Proof load is defined as the maximum tensile force that can be applied to a bolt that will not result in plastic deformation. In other words, the material must remain in its elastic region when loaded up to its proof load. Proof load is typically between 85-95% of the yield strength.
ASTM A325 is an ASTM International standard for heavy hex structural bolts, titled Standard Specification for Structural Bolts, Steel, Heat Treated, 120/105 ksi Minimum Tensile Strength. It defines mechanical properties for bolts that range from 1⁄2 to 1 1⁄2 inches (13 to 38 mm) in diameter.
Offset yield point (proof stress) When a yield point is not easily defined based on the shape of the stress–strain curve an offset yield point is arbitrarily defined. The value for this is commonly set at 0.1 or 0.2% plastic strain.
A locknut, also known as a lock nut, locking nut, prevailing torque nut, stiff nut or elastic stop nut, is a nut that resists loosening under vibrations and torque. Elastic stop nuts and prevailing torque nuts are of the particular type where some portion of the nut deforms elastically to provide a locking action.
For example, Carroll Smith (Carroll Smith's Nuts, Bolts, Fasteners, and Plumbing Handbook) notes that the nylon insert is not damaged by installation and therefore they can be reused many times, and a Federal Aviation Administration Advisory Circular allows nuts to be reused if the prevailing torque is within
PREVAILING TORQUE. The torque required to run a nut down a thread on certain types of nuts designed to resist vibration loosening. The resistance can be provided by a plastic insert or a noncircular head. PREVAILING TORQUE NUT. A type of lock nut which has a prevailing torque to assist in preventing self loosening.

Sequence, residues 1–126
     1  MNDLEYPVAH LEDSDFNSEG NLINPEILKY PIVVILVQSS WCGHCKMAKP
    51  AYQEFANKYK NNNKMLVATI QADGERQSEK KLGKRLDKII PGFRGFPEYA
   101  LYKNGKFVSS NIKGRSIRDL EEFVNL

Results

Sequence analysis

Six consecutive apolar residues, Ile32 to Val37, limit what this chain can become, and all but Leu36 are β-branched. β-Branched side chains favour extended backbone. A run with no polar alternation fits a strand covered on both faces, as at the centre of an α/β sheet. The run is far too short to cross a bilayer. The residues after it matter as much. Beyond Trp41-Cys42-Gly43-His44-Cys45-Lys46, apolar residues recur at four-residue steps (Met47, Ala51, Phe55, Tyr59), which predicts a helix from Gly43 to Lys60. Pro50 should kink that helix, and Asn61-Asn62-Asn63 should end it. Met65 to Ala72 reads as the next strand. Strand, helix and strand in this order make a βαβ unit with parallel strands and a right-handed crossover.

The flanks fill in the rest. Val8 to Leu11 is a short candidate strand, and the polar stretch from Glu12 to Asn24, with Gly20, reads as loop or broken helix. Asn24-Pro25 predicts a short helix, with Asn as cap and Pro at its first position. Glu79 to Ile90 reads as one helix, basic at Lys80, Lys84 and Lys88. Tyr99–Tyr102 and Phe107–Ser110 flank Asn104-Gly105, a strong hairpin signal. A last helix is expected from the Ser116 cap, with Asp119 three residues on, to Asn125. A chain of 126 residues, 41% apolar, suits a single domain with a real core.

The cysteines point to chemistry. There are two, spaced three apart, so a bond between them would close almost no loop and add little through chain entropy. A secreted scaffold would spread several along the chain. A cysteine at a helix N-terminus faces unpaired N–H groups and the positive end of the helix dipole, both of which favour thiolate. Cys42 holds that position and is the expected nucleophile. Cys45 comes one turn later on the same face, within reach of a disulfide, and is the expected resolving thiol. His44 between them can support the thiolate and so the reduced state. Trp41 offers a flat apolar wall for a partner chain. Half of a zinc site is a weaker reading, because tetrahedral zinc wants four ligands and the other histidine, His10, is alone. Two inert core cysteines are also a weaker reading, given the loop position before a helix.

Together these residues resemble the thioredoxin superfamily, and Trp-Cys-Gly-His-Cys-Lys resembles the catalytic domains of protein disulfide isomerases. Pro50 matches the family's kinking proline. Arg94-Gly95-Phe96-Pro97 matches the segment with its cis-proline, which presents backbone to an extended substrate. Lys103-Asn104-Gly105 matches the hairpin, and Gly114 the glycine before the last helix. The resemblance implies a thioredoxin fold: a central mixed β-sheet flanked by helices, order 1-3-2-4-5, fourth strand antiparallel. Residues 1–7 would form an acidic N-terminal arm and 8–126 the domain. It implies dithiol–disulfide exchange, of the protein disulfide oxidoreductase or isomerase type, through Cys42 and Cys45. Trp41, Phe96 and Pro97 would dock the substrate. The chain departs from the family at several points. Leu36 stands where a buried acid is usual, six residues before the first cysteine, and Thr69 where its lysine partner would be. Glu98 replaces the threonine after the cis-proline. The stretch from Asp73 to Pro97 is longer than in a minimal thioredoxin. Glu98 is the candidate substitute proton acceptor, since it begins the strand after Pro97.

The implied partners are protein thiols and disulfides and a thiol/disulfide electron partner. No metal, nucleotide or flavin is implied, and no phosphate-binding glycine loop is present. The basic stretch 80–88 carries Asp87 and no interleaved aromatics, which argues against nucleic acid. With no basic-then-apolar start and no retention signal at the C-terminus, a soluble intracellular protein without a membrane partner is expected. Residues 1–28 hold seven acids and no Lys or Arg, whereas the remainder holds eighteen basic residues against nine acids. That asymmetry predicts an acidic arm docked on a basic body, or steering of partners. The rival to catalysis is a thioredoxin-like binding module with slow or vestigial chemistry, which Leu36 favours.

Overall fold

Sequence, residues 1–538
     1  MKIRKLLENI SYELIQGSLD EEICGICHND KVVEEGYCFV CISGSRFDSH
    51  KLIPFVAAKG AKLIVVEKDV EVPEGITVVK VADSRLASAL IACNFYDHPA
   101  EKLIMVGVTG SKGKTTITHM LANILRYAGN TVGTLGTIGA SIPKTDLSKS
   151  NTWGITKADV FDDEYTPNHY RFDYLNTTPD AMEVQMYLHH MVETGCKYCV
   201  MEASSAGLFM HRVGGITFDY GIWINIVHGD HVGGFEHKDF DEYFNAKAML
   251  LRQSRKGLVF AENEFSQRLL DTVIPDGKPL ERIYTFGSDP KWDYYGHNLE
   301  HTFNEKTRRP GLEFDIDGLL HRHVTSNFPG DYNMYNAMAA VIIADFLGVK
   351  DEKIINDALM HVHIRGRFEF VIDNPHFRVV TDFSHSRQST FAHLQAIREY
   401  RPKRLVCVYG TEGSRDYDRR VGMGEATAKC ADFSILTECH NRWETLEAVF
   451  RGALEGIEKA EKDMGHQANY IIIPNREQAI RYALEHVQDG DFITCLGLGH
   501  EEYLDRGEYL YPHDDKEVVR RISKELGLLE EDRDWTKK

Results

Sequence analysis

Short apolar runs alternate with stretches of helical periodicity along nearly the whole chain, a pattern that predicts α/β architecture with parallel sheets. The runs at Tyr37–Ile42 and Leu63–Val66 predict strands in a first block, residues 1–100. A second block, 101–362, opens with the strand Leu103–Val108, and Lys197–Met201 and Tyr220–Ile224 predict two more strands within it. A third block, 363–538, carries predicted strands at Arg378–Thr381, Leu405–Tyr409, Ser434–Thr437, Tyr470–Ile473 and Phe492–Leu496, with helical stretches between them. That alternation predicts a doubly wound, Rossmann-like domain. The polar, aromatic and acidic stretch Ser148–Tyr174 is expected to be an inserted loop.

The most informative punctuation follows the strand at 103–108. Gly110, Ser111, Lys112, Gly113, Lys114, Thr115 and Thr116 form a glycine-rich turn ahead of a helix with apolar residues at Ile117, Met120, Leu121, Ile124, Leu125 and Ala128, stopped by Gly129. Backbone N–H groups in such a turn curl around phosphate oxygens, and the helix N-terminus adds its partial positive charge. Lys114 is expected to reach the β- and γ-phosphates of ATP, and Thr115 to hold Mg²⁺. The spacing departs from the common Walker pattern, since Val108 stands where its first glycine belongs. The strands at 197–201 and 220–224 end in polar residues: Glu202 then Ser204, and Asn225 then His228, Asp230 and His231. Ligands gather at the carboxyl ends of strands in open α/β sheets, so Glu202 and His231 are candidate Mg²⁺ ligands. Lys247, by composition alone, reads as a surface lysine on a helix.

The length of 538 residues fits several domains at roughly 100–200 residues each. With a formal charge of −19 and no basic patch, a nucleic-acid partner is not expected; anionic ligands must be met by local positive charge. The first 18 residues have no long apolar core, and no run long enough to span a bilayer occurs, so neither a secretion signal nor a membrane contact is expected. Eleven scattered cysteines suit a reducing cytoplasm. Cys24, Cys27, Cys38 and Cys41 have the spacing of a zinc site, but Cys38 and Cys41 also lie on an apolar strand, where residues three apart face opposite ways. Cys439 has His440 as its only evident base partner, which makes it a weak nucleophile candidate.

Breakaway torque is the rotating force required to "break" the head loose, going in the same direction as applied - tightening. This will usually give a value HIGHER than the original tightening torque because dynamic (when the bolt was tightened) is lower than static (when you try to break loose the bolt head).
Pre-Load — A measure of the axial load imparted on a fastener. A result of the amount of the applied seating torque, typically measured in pounds per square inch (psi) to create tension in the fastener. Commonly accepted to be 80-85% yield strength. Prevailing Torque: Also known as “Running Torque”.
The raw dough is your low carbon or grade 2 bolt. The case hardened or through hardened grade 8 bolt has been really cooked. Not only is the outside crispy, but you would be hard pressed to put a fork in it as it has been hardened by heat treatment all the way through. It is made with medium alloy steel.
In engineering, shear strength is the strength of a material or component against the type of yield or structural failure where the material or component fails in shear. A shear load is a force that tends to produce a sliding failure on a material along a plane that is parallel to the direction of the force.
If you have ever looked a metric hex bolt you might notice the markings 8.8, 10.9 or 12.9 this does not mean grade 8,10 or 12. The grade 8.8 refers to the tensile strength which is generally 116,000 psi, grade 10.9 is generally 150,000 and grade 12.9 is generally 175,000 psi.